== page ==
Aden: Four people were killed on Monday in a second day of fighting between rival factions seeking control of the southern Yemeni port city of Aden, where the internationally recognised administration is based, witnesses and officials said.
The clashes between southern separatists and forces loyal to Saudi-based President Abd-Rabbu Mansour Hadi risk crippling their once united campaign against the Houthi movement.
Witnesses reported fighting outside Yemeni government camps in the districts of Khor Maksar and Dar Saad in the north of Aden. The clashes involved tanks and heavy artillery targeting a hill, Jabal Hadeed, which overlooks Khor Maksar and Aden port.
The SABA state news agency, controlled by the Hadi government, said four people had died in Monday's fighting, bringing the total death toll since Sunday to 16 and the number of wounded to 141.
President Hadi issued a statement ordering the military to secure the city and assuring the population that his government was capable of handling the situation. The witnesses said forces loyal to the Southern Transitional Council (STC), which was formed last year to push for the revival of the former independent state of South Yemen, were apparently trying to wrest control of two bases in Aden from Prime Minister Ahmed bin Daghr's government.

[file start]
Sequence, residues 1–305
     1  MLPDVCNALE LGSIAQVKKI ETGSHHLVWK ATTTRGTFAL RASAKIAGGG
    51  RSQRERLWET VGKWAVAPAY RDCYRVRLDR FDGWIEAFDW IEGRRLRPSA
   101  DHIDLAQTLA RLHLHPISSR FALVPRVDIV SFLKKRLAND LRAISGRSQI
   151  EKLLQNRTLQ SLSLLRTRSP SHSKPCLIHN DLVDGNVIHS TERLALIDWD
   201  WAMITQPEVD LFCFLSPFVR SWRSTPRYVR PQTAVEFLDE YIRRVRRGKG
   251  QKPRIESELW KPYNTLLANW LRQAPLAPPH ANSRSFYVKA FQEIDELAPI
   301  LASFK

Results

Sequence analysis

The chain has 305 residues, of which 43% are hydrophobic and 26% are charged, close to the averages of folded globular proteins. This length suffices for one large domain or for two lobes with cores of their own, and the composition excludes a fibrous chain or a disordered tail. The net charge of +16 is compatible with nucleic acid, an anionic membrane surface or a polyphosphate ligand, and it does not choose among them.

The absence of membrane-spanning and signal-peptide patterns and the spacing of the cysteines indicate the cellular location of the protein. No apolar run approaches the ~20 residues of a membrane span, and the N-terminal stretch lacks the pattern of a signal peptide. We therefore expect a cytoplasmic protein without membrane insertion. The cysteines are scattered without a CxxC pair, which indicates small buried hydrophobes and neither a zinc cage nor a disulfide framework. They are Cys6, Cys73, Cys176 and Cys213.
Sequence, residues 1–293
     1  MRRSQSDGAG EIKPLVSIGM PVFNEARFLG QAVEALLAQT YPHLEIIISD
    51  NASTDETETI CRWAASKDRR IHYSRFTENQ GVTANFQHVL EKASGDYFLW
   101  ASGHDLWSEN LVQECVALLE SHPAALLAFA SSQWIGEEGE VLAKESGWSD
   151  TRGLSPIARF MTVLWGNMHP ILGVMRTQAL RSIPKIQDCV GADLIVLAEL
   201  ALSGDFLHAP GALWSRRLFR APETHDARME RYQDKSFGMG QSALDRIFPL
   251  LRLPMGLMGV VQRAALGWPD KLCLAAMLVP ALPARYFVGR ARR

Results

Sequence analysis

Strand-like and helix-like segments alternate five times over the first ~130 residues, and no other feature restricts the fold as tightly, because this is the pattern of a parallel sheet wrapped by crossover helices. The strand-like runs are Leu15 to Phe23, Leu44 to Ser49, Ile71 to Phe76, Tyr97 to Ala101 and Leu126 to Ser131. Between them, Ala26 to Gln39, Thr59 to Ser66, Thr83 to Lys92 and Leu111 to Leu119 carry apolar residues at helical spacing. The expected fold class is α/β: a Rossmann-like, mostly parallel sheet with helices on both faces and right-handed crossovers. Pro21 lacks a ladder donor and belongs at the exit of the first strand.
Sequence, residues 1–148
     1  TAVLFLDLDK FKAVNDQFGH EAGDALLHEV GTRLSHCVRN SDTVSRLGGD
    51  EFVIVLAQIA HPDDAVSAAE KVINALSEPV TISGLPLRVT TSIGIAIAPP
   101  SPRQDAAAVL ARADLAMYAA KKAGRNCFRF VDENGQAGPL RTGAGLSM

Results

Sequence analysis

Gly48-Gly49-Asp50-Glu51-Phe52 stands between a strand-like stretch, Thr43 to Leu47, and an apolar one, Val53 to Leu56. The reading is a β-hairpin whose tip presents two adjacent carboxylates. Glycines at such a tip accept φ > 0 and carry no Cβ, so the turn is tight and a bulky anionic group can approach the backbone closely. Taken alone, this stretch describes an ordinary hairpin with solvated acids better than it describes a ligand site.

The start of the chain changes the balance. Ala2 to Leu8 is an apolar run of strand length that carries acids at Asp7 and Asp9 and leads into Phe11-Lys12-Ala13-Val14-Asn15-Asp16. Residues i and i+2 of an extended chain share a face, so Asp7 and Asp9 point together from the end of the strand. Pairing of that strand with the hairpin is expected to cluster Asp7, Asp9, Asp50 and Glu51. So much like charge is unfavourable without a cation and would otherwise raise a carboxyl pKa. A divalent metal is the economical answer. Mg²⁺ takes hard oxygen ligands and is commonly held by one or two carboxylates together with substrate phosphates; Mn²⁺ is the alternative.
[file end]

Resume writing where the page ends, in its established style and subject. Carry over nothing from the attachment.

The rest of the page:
In downtown Aden, most people stayed off the streets as government forces guarded the main road to al-Maasheeq palace where the government is based. Aden airport was closed for a second consecutive day because of the fighting, local officials said.
Sunday's fighting broke out after the expiry of a deadline set last week by separatists from the STC for Hadi to dismiss the bin Daghr government, accusing it of corruption and mismanagement. The government denies the charges.
Bin Daghr has described the ultimatum as a coup against the internationally-recognised government, which the STC has accused of attacking civilians who had converged on the city's Parades Square from across southern Yemen for a rally.
The clashes in Aden have effectively divided the city into two zones, one controlled by the STC and one by the government. Although Hadi remains in exile in Saudi Arabia, his administration and local allies nominally control about four-fifths of Yemen's territory.
The factional fighting in the south compounds the misery of Yemenis whose country has been torn apart by three years of conflict between Hadi's forces and the Houthis.